Tuesday, January 3, 2017

The Readout by Damian Garde & Meghana Keshavan

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Your take on 2017

What will the new year bring for biopharma? Check out our top reader predictions on STAT Plus. A sample:

‘Precision’ isn’t going anywhere

“In 2016, ‘precision medicine’ reigned supreme as the catch phrase of the year,” writes Dr. Christopher Ianelli, founder and CEO of iSpecimen. “‘Precision research,’ or the ever-more targeted research necessary to make good on the promise of precision medicine, will propel forward in 2017.... Refined research questions requiring the interrogation of highly specific biospecimens and associated data sets will form the backbone of this precision research wave.”

Data still wants to be free

“In 2017, we’re going to see a new push for data transparency in health care,” according to Ahmed Albaiti, CEO and founder of Medullan, a digital health consulting firm. “Electronic health record vendors will be asked to share data sets to better understand what better serves smaller populations, utilizing real world evidence for population health management.”

More combos are coming in cancer

“In 2017, because of favorable tolerability profiles of new drugs, combinations of multiple drugs will become even more the norm in oncology,” per Dr. Liviu Niculescu, vice president of medical affairs at Takeda Oncology. “Based on a growing body of research, companies are shifting toward developing increasingly targeted treatments or precision medicines that address specific issues at the cellular level and reduce systemic toxicity, opening the door for more combinations.”

Meet the year's first IPO contender

Last year wasn’t exactly a banner period for biotech IPOs, as a choppy market led to a drop in offerings and some disappointing returns for the companies that made it out. But the window hasn’t closed.

So Jounce Therapeutics has filed to become the first biotech IPO of 2017, seeking to raise $75 million to support its work in immuno-oncology. The company, based in Cambridge, Mass. is fresh off a $225 million partnership with Celgene and has already advanced its top cancer prospect into clinical trials.

Whether Jounce is able to get the cash it needs at the valuation it desires will be closely watched, as investors battered by 2016’s slump and bewildered by the US presidential election are looking for signs that biotech is approaching some kind of normalcy in the new year.

A window into the fraught world of rare disease

there are no approved therapies for sanfilippo syndrome. (sandy huffaker / stat)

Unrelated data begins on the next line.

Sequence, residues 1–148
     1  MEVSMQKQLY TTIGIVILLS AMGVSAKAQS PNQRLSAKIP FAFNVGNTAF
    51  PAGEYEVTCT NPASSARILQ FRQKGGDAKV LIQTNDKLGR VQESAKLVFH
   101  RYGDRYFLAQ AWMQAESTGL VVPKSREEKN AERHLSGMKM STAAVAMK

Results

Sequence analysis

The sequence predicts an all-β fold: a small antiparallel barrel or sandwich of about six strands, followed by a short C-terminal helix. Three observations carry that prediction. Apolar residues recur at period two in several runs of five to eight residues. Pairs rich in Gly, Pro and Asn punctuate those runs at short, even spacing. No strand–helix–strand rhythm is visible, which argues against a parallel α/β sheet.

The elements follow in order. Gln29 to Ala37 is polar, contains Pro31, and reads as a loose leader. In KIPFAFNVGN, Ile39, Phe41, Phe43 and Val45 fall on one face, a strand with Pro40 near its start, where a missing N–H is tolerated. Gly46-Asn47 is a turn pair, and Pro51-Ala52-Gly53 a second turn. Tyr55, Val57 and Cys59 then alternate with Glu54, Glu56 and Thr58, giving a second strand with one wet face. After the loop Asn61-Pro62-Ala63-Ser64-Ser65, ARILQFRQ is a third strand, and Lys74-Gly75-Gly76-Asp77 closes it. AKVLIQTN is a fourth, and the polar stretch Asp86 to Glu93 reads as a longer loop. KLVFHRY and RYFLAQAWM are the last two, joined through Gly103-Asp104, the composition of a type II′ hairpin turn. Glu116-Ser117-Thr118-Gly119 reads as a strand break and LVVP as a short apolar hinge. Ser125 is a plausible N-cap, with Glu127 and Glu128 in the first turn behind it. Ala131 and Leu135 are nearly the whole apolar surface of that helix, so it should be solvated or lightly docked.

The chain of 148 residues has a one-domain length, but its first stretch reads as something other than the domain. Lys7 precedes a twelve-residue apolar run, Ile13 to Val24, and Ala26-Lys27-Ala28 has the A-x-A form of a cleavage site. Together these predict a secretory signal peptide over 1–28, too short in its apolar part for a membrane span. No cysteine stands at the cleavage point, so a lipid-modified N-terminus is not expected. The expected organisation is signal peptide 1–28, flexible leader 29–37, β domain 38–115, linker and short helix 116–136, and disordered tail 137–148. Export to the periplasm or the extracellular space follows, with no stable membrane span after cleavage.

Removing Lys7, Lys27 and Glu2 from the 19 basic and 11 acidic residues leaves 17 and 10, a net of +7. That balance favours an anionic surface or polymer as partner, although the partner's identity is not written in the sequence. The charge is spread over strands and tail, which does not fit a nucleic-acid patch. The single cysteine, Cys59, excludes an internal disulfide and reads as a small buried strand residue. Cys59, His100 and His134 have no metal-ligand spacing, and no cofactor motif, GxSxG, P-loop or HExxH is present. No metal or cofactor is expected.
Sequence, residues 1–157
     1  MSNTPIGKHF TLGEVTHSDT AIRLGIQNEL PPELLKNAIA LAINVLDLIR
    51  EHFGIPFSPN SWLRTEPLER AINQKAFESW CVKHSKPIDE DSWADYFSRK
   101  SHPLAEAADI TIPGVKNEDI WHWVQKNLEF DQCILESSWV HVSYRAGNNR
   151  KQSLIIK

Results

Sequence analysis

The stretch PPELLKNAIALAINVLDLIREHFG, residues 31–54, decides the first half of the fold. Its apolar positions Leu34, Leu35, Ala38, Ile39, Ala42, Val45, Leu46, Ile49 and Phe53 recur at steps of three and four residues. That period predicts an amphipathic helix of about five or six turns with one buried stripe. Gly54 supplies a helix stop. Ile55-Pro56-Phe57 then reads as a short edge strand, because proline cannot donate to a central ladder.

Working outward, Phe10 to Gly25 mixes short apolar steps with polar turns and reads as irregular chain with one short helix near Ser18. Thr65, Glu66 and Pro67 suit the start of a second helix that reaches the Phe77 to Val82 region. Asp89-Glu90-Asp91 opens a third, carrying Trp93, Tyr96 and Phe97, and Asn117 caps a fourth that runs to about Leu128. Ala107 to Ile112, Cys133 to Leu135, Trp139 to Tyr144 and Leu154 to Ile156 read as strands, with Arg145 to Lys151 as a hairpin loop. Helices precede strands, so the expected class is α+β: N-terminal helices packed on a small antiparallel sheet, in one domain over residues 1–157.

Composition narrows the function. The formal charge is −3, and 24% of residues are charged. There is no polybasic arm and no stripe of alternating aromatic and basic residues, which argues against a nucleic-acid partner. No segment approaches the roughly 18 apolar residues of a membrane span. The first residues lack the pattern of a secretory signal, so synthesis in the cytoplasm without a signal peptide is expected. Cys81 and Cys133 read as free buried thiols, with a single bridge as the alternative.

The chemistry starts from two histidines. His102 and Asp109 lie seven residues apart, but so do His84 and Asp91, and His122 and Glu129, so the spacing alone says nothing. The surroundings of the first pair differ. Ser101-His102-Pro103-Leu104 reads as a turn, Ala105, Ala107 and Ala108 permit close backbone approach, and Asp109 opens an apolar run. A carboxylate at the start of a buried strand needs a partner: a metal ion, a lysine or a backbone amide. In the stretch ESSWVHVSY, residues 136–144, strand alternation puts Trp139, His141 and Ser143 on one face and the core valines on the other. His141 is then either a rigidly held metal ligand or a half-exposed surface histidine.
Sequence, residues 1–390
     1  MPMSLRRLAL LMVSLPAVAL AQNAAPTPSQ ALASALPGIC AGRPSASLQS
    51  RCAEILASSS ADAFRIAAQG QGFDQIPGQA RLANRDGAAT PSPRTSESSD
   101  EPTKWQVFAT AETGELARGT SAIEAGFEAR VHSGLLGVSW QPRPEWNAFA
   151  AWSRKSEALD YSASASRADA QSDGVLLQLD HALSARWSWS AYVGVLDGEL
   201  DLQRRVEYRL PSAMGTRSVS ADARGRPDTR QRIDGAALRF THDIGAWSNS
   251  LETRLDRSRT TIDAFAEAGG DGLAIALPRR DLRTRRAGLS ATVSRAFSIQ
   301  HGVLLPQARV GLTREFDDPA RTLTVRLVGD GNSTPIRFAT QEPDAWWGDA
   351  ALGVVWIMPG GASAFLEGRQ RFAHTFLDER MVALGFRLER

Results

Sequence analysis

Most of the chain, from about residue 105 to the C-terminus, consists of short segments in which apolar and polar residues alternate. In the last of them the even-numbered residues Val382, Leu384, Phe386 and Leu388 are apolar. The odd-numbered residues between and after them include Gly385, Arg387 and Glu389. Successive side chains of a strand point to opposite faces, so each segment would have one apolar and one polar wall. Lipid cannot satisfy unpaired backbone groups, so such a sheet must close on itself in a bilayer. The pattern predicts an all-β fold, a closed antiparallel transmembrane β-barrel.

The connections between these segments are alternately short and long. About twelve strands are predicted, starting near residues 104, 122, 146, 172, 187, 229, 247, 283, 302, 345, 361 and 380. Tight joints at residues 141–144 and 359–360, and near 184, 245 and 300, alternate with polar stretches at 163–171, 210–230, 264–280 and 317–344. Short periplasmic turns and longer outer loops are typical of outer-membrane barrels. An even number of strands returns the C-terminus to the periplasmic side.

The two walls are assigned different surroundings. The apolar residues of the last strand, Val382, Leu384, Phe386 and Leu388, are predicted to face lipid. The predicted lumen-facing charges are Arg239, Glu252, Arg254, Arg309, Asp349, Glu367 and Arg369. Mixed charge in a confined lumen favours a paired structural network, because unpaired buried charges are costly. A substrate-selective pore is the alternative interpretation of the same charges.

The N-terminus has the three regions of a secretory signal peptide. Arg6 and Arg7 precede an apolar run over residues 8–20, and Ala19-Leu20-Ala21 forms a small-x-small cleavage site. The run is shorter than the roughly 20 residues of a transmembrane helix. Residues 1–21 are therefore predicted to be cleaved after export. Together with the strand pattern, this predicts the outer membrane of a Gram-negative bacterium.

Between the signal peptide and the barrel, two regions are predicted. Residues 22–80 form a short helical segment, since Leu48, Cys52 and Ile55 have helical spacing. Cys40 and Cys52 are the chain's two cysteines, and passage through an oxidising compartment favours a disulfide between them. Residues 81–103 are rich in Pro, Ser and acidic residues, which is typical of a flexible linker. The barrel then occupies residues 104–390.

Biotech bottom lines aren't all about IPOs and pricing margins. We can't forget that drug discovery often offers the best chance for families struggling with rare disease. It's a world fraught with risk, disappointment, and frustration, but also hope — as we see in the story of Zoe Dewaghe, a sunny five-year-old with a terminal lysosomal disorder called Sanfilippo syndrome. 

Read more.

Intarcia’s $50 million meeting

Back in June, Bill Gates swept through Boston and got something of a guided tour of the local biotech scene, including a meeting with local diabetes unicorn Intarcia.

Six months later, that sit-down blossomed into a $50 million equity deal, with the Gates Foundation promising up to $90 million more if Intarcia’s implantable drug delivery technology reaches certain milestones. 

Intarcia’s big priority is Type 2 diabetes, and it has raised more than $1 billion from investors to develop a mini-drug pump that metes out AstraZeneca’s treatment exenatide. But Gates’ interest stems from the potential of loading that same pump with a prophylactic treatment for HIV. If it works, patients in the developing world could get around-the-clock therapy that needs to be reloaded only once or twice per year.

Life science limericks: 2016 edition

elizabeth holmes is too easy a target. (hyacinth empinado / stat)

Nothing brings levity to a bleak situation like a silly rhyme. Last year wasn't the greatest — so here's a compendium of limericks to remember it by. An example:

Drug pricing? Pandora’s black box
First Shkreli, then the EpiPen shocks
It’s all a bit frightening
But also enlightening
We can expect way more price gouging talks

Read them all here.

More reads

  • FDA drug approvals plummeted last year, but 2017 is looking rosier. (STAT Plus)
  • Tinkering with DNA can have serious unintended consequences. (NPR)
  • Are scientific advances getting harder to achieve? If so, what do we do? (The Incidental Economist)

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Thanks for reading! Until tomorrow,

Damian & Meghana

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